Property/casualty insurers could be sliding into trouble in the second half of 2016. Blame a number of factors, including higher catastrophe losses, negative results in private passenger auto and declining bond yields, a division of Standard & Poor’s said in a new report.
With all of these factors in play, S&P Global Market intelligence predicts the industry’s combined ratio could tick up to 99.5, the highest it has been since 2012.
“Profit margins are project to be much narrower than they have been in the last few years, in the absence of any potential market-changing events,” said study co-authors Tim Zawacki and Terry Leone in prepared remarks.
S&P said problems could come in the wake of declining Treasury yields after the U.K.’s Brexit vote in June. This trend underscores “challenges the industry faces to earn reliable, low-risk investment income, putting additional pressure on underwriting discipline,” the report noted.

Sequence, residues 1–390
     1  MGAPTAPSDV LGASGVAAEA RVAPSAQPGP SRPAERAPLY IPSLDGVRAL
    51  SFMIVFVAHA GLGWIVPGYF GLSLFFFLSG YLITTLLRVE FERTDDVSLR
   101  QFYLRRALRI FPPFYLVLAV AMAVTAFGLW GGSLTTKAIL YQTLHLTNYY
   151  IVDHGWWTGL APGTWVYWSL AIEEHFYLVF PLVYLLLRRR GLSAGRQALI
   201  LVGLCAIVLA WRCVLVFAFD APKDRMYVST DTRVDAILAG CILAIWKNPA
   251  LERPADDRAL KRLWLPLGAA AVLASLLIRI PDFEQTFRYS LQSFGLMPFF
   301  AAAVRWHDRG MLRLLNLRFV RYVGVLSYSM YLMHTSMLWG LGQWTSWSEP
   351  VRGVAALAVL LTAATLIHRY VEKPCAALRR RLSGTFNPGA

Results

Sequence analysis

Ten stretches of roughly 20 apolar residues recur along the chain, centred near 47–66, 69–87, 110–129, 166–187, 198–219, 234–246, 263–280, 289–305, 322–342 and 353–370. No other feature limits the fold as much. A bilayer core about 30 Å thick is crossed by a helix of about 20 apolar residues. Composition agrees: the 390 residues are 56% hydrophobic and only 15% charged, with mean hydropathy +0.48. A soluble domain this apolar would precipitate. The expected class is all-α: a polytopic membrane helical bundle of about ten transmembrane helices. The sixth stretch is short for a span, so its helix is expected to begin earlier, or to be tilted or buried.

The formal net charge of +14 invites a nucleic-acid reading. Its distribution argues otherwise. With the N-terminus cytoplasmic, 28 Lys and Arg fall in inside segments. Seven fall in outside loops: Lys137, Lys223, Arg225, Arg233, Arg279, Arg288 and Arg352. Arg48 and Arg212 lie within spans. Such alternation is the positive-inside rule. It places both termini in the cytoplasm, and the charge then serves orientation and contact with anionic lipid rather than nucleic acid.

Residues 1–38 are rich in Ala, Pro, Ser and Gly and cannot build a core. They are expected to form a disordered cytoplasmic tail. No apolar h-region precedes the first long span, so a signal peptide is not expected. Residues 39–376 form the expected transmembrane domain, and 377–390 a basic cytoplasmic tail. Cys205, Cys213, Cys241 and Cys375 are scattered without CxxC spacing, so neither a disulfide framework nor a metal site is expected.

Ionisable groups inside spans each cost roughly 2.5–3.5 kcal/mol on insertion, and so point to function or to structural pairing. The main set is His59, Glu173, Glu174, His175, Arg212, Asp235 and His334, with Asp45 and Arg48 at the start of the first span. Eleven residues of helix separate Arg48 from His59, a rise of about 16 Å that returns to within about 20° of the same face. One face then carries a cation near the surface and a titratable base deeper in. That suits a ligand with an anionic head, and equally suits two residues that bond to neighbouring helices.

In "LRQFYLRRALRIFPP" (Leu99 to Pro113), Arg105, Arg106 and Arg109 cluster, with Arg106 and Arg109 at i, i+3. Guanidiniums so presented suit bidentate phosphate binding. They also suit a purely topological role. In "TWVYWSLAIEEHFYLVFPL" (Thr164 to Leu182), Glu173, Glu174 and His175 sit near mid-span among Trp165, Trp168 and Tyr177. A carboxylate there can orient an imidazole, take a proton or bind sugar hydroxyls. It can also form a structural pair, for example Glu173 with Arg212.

Beyond that, however, S&P said it expects large hikes in insured catastrophe losses during the 2016 first half will hurt down the line. The report said this will harm loss ratios in a number of business lines that “have produced historically favorable results during the past three years.”
The report analyzed financials for nearly 2,700 individual, U.S.-domiciled property/casualty entities that filed NAIC statements. It tracked performance over 10 years, through 2015, and illustrates historical and projected pre-tax returns on equity by business line.
Among the report’s other findings:
- Private-passenger auto insurance results, historically unfavorable already, will worsen again in 2016. S&P said this will come from more miles driven as gas prices remain low. Rate increases will help alleviate this, but the report said they won’t happen right away.
- In 2015, private auto lines produced 34.4 percent of the industry’s direct premiums.
- The absence of favorable reserve development, broad access to reinsurance, and seasons with few hurricanes could be another hurdle for the P/C industry to overcome in 2016 and after.
Source: S&P Global Market Intelligence